The Miami Heat died honorably on Sunday in Game 7 of the Eastern Conference Finals.
The Heat pushed up the hill as long as they could. Having trailed by 17 points midway through the third quarter, they sliced their deficit to six in the early stages of the fourth quarter. They were right there, somehow given a reasonable chance to prolong their season with 11 minutes remaining in regulation.
Then, however, the House of Pat Riley fell down.
The Raptors flexed their muscles and gave this series some consistent excellence after all the stumbles which had marked the previous six and a half games.
Their size against the Heat’s smaller lineup finally emerged on loose balls in the paint:
Deng somehow disappeared https://t.co/3sHVVa54z9
— BBALLBREAKDOWN (@bballbreakdown) May 15, 2016
Kyle Lowry took over, and when he wasn’t gunning down the Heat, his teammates found the range:
That's twice Carroll has hit transition 3s after poor shots by the Heat. https://t.co/UztE8JEFWv
— BBALLBREAKDOWN (@bballbreakdown) May 15, 2016
A series which had been so consistently close through five games loosened up in Game 6, and the Raptors blew Game 7 wide open in the final 11 minutes. Unable to get any production of consequence from the backup big men on their roster, Josh McRoberts and Amare Stoudemire, the Heat had to go small, but couldn’t dictate the style of Game 7 at the offensive end of the floor. They had no place to go if Goran Dragic wasn’t setting the tone. In this core respect, Miami’s road Game 7 became the opposite of its home-court Game 7 curb-stomping of the Charlotte Hornets two Sundays earlier.
With no Chris Bosh and no Hassan Whiteside, the Heat didn’t figure to be able to advance past Toronto. Miami wanted this series, but its opponent needed it… and got it. In the end, there cannot be any shame for the Heat. Moreover, the development of Whiteside this season alongside rookies Justise Winslow and Josh Richardson undeniably gives this franchise the awareness that it can build upon a new foundation. The Heat’s combination of management and coaching — knitted together by evident skill in the realm of player development — will enable this organization to remain a factor in the Eastern Conference for years to come.
As the offseason arrives, though, no degree of satisfaction derived from an honorable playoff exit can mask the undercurrent of sorrow which attended the Heat’s 2016 season.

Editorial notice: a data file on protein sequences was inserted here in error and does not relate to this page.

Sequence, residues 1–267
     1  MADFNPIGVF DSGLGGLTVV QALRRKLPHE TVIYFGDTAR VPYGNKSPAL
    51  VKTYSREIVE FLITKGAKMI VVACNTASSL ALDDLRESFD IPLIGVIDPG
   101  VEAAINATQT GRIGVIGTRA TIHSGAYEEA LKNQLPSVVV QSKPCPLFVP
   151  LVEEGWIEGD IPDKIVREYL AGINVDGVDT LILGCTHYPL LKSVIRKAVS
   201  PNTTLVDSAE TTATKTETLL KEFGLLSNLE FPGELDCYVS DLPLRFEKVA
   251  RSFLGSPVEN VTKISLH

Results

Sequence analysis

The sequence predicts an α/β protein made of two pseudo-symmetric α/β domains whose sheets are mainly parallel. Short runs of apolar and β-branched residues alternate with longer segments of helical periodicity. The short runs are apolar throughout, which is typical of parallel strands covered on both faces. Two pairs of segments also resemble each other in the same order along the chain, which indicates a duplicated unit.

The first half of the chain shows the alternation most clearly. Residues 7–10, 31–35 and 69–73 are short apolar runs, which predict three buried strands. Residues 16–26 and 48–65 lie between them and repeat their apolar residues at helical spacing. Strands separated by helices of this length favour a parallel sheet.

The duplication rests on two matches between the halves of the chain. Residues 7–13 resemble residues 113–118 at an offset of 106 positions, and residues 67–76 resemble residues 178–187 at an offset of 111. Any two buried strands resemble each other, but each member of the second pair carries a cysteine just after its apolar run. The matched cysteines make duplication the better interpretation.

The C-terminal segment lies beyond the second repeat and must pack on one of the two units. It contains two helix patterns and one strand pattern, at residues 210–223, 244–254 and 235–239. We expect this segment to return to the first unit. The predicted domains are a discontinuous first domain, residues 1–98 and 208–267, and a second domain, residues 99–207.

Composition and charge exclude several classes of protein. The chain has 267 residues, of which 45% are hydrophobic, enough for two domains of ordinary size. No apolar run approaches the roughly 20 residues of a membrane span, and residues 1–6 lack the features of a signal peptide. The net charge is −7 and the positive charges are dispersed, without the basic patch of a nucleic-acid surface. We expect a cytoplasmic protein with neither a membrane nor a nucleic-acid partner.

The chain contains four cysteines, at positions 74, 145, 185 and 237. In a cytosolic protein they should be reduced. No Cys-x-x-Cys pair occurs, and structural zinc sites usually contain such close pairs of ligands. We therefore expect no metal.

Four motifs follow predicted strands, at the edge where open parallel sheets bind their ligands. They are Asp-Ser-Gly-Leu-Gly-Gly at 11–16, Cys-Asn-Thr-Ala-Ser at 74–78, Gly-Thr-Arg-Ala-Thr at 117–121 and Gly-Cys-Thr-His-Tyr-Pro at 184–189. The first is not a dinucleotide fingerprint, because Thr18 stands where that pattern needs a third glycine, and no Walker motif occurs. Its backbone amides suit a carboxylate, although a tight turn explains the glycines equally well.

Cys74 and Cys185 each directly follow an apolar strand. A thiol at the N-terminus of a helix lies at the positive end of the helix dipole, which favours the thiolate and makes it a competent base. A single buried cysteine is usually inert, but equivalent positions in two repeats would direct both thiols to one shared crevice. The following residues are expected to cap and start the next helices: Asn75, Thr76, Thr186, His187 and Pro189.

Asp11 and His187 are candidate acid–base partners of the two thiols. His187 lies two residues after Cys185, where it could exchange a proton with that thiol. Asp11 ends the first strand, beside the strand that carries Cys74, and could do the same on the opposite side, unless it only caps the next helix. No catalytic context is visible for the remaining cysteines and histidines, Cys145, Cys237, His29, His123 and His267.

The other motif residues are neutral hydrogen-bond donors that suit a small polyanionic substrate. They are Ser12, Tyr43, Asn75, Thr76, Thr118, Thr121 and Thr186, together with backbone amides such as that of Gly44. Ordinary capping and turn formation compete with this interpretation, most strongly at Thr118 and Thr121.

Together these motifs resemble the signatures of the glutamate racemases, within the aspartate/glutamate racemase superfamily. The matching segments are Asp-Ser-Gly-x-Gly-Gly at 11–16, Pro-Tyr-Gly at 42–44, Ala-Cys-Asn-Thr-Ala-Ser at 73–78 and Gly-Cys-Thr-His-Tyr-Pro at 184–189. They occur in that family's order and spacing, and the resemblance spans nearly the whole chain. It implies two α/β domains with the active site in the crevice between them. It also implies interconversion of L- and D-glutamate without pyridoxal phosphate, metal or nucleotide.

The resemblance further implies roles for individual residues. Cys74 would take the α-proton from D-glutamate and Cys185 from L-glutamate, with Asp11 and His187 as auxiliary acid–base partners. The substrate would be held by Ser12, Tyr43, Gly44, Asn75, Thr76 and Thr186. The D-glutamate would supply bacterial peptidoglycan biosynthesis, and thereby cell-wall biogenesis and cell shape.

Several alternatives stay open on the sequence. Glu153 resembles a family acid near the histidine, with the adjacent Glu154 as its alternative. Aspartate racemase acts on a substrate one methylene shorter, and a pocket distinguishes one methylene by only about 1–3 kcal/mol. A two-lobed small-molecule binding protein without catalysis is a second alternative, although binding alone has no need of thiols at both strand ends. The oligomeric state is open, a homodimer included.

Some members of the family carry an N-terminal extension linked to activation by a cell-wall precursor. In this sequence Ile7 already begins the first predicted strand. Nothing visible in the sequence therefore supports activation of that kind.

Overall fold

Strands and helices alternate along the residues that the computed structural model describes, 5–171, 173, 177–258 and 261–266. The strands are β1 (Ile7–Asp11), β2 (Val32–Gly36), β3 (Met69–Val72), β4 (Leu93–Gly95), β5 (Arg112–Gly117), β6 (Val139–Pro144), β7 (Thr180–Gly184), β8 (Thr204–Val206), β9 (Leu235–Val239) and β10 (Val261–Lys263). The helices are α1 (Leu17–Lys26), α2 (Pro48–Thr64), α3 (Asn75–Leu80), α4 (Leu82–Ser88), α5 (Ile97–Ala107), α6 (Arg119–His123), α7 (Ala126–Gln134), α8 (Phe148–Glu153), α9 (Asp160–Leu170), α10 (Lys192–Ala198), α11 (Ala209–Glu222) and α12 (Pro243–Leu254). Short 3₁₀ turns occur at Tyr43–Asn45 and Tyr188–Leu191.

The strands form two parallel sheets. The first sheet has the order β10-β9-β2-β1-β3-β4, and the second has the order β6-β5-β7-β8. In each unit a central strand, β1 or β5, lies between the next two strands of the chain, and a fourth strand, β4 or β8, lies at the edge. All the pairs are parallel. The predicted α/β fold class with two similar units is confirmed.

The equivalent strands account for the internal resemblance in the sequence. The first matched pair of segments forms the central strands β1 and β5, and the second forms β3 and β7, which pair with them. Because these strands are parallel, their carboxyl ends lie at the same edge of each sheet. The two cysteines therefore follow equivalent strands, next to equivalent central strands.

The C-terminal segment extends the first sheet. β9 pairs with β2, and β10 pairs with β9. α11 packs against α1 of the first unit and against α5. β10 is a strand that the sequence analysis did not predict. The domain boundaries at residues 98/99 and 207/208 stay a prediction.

It’s not something which has become official, but it is a cloud which will continue to hang over the organization: As much as Pat Riley, Erik Spoelstra and Dwyane Wade fervently hope it won’t happen, and as much as Heat fans might pray that something can be done about the matter, Chris Bosh might retire before playing another minute of NBA basketball.
The Heat are not ignorant of this possibility and how real it is. To be much more precise, the Heat acted quite responsibly in handling Bosh’s situation over the past few months.
Typically, a professional sports organization (especially in the NFL) tries to rush the player back into action, despite concerns about long-term holistic wellness. In this case, the player and his spouse (Adrienne Bosh) sought a return to the court, and the team urged caution. The Heat didn’t merely stand in the way of what would have been not just a feel-good story; by preventing Bosh from playing, they halted a development which (at least conceivably, had Bosh not suffered further negative effects) could have altered the very outcome of this just-completed series against Bosh’s old team, the Raptors.
Yes, it’s sad beyond words. Yes, the idea of Chris Bosh never playing again leaves the heart with an empty feeling. Yet, Bosh — articulate and talented in ways which transcend basketball — can live a full and satisfying life without donning a Heat uniform ever again. His long-term health is what matters most, and after failing to make it through this season without any health problems, one year removed from the blood clots which almost killed him (thank Adam Silver for creating the extended All-Star break — that expanded period of time enabled Bosh to get a checkup, upon which the clots were discovered in February of 2015), it would be patently foolish to think that Bosh is likely to continue his NBA journey as a player. He provided meaningful coaching and guidance to his teammates in a shirt and jacket during the playoffs, but the odds of him playing another full season in the league are — if not remote — certainly not better than 50-50.
All of it is uncomfortable. Much of it is depressing. Yet, reality must be acknowledged sooner rather than later. The Heat have so much going for them as a franchise, given the progress of their youngest core-rotation players. Yet, Miami must confront the very realistic possibility that Chris Bosh — the man whose offensive rebound in Game 6 of the 2013 Finals saved a season and paved the path to a repeat championship — won’t play another game.
Until the Heat formulate and then execute their response to that issue — something we might not be able to know until the 2016-2017 season begins, or perhaps not until the 2017 trade deadline — pegging the future of this franchise will remain premature, at least in its finer points and details.